Testing for hypochlorhydria (weak stomach acid) – There are multiple tests for hypochlorhydria, though some of them are best performed by a GI doctor. The simplest (but most error-prone) test can be done at home by the patient using water and baking soda. Details about these tests can be found on the Cleveland Clinic site.
Personalized Lifestyle Treatment Plans
The protocols for addressing issues depend on what the testing shows for the patient. The practitioner should decide the order of implementation of protocols if there are multiple deficiencies. For example, if SIBO was due to hypochlorhydria (weak stomach acid), that would need to be addressed, so SIBO doesn’t return.
Potential personalized lifestyle medicine approaches:
Vitamin / mineral supplementation – For any deficiency revealed by testing, there is generally a nutritional supplement that can restore the patient to adequate levels. For those who test as having MTHFR genetic mutations, there are methylated versions of B12 and folate that are already activated, which removes a bottleneck for utilizing those nutrients. Supplementing a vitamin D3 deficiency to a state of sufficiency may help arrest a negative feedback loop and assist with addressing obesity.
Digestive enzymes / HCl – For those with hypochlorhydria, assistance from supplements containing pancreatic enzymes and betaine HCl (hydrochloric acid/stomach acid analog) can help break foods down into their smallest pieces, facilitating better absorption across the small intestine lining.
Intestinal permeability (“leaky gut”) protocol– This is typically a multi-step protocol that includes taking digestive enzymes, improving the integrity of the mucus layer of the intestines, and taking supplements that help close the tight junctions between epithelial cells. The diet can be altered to assist, with whole foods, gluten-free, alcohol-free, grain-free, and anti-inflammatory fare being the most healing.
Dysbiosis protocol – Often a multi-step protocol, correcting the balance of gut flora can usually be achieved with a combination of prebiotics, probiotics, herbal or prescription antibiotics, or antimicrobials. Diet may be altered, excluding alcohol, severely limiting sugars, and moving to a whole foods, preservative-free diet. Drinking non-chlorinated water can also be advantageous.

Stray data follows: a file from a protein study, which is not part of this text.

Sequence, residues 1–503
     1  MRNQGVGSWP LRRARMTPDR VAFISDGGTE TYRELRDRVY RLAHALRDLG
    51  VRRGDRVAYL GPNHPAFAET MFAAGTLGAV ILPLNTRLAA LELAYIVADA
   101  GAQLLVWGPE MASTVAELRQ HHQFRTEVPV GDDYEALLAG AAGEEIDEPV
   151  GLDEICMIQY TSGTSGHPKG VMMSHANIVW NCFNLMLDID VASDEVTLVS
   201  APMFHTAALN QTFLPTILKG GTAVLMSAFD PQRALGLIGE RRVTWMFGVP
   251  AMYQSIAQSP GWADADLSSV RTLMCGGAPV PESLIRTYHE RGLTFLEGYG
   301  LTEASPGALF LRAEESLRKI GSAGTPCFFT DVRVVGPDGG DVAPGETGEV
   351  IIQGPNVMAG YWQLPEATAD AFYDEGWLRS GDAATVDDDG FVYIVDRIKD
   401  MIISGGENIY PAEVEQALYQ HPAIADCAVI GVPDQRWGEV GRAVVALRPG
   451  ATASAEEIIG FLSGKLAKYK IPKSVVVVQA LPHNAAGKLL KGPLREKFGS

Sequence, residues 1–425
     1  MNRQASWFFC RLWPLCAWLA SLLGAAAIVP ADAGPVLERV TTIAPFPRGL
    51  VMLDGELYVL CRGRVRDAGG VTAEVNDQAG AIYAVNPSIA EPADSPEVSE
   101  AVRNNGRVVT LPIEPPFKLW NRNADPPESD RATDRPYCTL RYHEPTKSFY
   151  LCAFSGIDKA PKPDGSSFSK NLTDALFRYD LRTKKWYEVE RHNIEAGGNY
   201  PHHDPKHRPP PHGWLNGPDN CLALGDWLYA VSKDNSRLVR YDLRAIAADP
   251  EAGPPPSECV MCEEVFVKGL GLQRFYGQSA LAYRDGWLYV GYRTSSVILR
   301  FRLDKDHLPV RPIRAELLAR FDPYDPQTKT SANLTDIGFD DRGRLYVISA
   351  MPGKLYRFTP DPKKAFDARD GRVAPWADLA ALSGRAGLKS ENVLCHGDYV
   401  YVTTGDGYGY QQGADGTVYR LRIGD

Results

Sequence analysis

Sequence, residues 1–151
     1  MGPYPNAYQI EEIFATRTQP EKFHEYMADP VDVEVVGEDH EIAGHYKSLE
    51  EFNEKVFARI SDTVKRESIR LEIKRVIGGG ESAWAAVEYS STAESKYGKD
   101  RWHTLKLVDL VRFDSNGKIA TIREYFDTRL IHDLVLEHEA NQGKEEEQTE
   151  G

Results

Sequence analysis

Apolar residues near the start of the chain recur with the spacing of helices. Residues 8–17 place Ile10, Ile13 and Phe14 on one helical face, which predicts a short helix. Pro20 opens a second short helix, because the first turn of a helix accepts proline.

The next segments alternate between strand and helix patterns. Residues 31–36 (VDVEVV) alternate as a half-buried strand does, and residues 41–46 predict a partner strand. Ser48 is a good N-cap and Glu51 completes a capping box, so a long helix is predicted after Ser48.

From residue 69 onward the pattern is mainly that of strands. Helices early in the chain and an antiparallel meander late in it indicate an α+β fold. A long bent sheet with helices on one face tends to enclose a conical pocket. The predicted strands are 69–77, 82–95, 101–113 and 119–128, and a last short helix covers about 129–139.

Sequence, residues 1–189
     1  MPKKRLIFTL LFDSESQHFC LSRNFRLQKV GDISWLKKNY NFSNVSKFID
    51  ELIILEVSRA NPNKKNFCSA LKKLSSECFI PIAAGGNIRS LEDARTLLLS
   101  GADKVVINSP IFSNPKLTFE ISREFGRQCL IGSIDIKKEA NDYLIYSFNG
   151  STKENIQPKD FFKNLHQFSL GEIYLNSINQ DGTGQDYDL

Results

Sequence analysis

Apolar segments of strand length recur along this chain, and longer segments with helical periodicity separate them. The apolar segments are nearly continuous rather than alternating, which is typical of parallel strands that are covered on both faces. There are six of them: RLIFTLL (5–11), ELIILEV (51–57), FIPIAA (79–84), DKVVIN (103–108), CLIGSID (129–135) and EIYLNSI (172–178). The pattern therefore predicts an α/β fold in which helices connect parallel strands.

Prescription or herbal antibiotics – Addressing SIBO and/or SIFO requires a course of prescription antibiotics or of herbal antibiotics. A low-sugar, alcohol-free diet that decreases inflammation and provides little for the overgrown microorganisms to eat may be advised before, during, or after the antibiotic treatments.
Diet – A gluten-free diet may be advised for those with Celiac Disease or gluten sensitivity, who have a genetic tendency to incur damaged villi in their guts when exposed to gluten. An anti-inflammatory diet may be helpful to counter the ability of obesity to increase inflammation in the body. A modified Mediterranean diet (modified by reducing refined carbohydrates and eliminating gluten) can be extremely helpful in reducing symptoms.
Exercise – Burning off glucose in the bloodstream through exercise can ward off diabetes, which occurs at higher rates in the overweight and obese. Aerobic activity can increase the oxygenation of the blood, increase the clearing out of waste products from cells, and release endorphins (16). Remember that adipose tissue can form estrogen? Exercise can lower levels of estrogen as measured by urine tests (17). Doing this can arrest a feedback loop where estrogen dominance contributes to more weight gain.
Malnutrition or nutrient deficiencies concurrent with obesity are not unsolvable problems. The biggest challenge seems to be acknowledging the possibility in the first place, and selecting proper testing. With customized testing and personalized lifestyle medicine approaches, nutrient deficiencies can be revealed and addressed to provide better health for patients.